Objective To investigate the kinetics of hepatitis B virus (HBV) viral loads and HBV reactivation in rheumatoid arthritis (RA) patients undergoing therapy with tumour necrosis factor alpha (TNFα) inhibitors.
Methods The authors investigated the virological, serological and biochemical evidence of HBV reactivation in 88 RA patients receiving anti-TNFα therapy. Levels of HBV surface (HBs) antigen (Ag), anti-HBV core (HBc)-IgG and anti-HBs antibody (Ab) were detected by electrochemiluminescence immunoassay, and viral loads were determined by real-time PCR assay.
Results In a total of 88 HBcAb-positive patients, 18 (20.5%) patients were HBsAg-positive, 12 (13.6%) patients were HBsAg-negative/HBsAb-negative and 58 (65.9%) patients were HBsAg-negative/HBsAb-positive before starting anti-TNFα therapy. Among HBsAg-positive patients receiving anti-TNFα therapy, HBV reactivation was documented in none of 10 patients who received lamivudine pre-emptive therapy and serum viral loads significantly decreased (mean±SEM, 153 860±80 120 IU/ml at baseline vs 313±235 IU/ml after 12 months antiviral therapy, p<0.001), paralleling the decrease in serum aminotransferase levels. In contrast, five (62.5%) of eight patients without antiviral prophylaxis developed HBV reactivation, viral loads significantly increased after anti-TNFα therapy (9375±5924 IU/ml vs 49 710 000±40 535 000 IU/ml, p<0.001), and markedly declined after antiviral therapy (49 710 000±40 535 000 IU/ml vs 6382±2424 IU/ml, p<0.001). Baseline viral loads were detectable in four (33.3%) of 12 patients who had HBsAg-negative/HBsAb-negative status, and one developed HBV reactivation after anti-TNFα therapy.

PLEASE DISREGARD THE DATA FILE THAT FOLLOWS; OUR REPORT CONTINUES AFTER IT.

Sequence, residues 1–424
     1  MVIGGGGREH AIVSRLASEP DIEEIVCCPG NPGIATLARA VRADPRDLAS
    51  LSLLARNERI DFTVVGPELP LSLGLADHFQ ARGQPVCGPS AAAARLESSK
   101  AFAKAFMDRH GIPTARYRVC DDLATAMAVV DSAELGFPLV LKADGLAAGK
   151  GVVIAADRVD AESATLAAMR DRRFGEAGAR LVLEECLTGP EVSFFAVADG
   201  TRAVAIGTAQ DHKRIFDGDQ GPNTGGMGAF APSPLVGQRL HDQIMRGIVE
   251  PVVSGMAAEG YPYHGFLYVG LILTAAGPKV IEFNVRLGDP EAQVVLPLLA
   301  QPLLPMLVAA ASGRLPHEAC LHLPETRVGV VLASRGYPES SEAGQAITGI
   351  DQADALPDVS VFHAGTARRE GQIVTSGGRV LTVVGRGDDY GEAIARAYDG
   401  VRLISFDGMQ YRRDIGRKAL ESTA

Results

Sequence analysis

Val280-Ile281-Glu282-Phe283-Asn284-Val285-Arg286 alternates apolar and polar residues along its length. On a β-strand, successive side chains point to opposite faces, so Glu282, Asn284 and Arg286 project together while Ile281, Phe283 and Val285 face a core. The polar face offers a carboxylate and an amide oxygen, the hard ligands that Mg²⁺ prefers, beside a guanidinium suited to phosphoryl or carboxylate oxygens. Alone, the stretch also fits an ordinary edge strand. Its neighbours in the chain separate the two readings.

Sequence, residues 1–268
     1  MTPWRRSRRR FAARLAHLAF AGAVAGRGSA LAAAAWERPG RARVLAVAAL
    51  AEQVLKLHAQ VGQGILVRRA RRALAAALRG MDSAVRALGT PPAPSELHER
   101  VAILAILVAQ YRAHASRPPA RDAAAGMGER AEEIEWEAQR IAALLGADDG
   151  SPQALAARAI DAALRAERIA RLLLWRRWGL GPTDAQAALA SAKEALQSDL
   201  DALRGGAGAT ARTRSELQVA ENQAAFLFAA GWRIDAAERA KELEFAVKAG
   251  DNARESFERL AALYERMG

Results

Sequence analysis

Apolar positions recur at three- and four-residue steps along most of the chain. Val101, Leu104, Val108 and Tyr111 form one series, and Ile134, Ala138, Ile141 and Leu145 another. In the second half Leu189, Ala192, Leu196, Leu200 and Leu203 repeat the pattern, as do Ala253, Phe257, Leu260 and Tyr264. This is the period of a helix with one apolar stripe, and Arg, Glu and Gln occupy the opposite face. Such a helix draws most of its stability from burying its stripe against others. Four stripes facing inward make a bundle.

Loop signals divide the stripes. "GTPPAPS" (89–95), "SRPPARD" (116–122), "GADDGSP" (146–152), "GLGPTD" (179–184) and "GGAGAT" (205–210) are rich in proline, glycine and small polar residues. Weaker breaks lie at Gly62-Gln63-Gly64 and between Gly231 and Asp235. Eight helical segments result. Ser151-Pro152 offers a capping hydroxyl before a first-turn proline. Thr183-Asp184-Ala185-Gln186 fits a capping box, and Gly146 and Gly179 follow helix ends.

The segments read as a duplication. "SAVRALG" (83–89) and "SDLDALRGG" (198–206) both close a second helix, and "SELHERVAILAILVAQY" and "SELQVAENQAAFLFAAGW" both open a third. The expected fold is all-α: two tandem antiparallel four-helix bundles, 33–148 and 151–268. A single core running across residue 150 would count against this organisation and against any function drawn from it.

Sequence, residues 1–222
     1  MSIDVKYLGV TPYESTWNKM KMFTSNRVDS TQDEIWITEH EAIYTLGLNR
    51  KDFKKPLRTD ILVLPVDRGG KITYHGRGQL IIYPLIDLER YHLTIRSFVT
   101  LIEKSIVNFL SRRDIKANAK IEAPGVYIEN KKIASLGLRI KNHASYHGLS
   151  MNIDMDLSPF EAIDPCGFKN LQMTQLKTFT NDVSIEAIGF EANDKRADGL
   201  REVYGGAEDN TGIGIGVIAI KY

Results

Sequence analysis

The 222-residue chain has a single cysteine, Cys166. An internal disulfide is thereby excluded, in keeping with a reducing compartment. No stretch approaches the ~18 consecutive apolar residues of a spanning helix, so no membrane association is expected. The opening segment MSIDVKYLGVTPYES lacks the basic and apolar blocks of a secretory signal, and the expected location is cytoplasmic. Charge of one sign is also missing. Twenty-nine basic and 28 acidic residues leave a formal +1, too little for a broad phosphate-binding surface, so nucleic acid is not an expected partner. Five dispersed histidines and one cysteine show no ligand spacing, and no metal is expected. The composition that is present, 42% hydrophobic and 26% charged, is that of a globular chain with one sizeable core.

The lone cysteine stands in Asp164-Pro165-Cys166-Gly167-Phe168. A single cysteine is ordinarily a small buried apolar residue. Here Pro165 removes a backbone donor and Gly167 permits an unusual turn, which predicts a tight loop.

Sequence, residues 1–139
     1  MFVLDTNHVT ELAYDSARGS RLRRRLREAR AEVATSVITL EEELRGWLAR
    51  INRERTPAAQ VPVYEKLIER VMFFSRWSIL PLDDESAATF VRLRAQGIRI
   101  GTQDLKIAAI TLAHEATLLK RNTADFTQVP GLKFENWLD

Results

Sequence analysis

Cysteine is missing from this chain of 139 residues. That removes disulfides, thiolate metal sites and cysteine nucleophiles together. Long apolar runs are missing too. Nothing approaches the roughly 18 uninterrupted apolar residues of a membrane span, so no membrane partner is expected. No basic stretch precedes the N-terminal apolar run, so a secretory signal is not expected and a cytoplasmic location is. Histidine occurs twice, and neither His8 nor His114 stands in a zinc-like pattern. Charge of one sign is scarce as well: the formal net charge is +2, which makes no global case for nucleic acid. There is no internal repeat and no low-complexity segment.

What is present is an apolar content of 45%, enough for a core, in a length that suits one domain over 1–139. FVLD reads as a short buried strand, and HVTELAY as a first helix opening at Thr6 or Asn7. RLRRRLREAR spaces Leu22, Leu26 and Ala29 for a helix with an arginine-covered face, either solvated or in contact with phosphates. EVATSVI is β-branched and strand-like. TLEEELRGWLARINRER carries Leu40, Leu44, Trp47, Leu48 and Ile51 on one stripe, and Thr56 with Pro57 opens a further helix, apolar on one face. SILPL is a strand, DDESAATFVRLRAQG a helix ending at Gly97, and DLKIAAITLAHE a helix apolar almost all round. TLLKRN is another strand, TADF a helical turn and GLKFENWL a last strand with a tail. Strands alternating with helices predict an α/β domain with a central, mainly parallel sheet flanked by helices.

Conclusion HBV reactivation can occur in both HBsAg-positive and HBsAg-negative/HBcAb-positive patients with detectable HBV DNA, so-called occult HBV infection, during anti-TNFα therapy. Antiviral prophylaxis may effectively reduce HBV reactivation in HBsAg-positive RA patients undergoing anti-TNFα therapy.
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It is estimated that more than one-third of the world's population has been infected with the hepatitis B virus (HBV) and that 75% of these people live in southeast Asia and the western Pacific regions.1 Taiwan is an endemic area of HBV infection, with an HBV surface antigen (HBsAg) carrier rate of 15–20% and HBV core antibody (HBcAb) positive rate of 80–90%.2 3
Tumour necrosis factor alpha (TNFα) suppresses HBV replication and plays an important role in eradicating HBV by stimulating HBV-specific cytotoxic T-cell response.4,–,6 HBV reactivation is a recently recognised complication characterised by the abrupt reappearance or rise of HBV DNA in the sera of HBsAg-positive rheumatoid arthritis (RA) patients who received anti-TNFα therapy.7,–,10 Guidelines have been proposed for the assessment and antiviral therapy of chronic HBV infection in patients receiving anti-TNFα therapy.11 12 Despite such a high prevalence of HBV in Taiwan, there is no national guideline for effective screening of HBV or prophylactic antiviral strategies in RA patients receiving anti-TNFα therapy.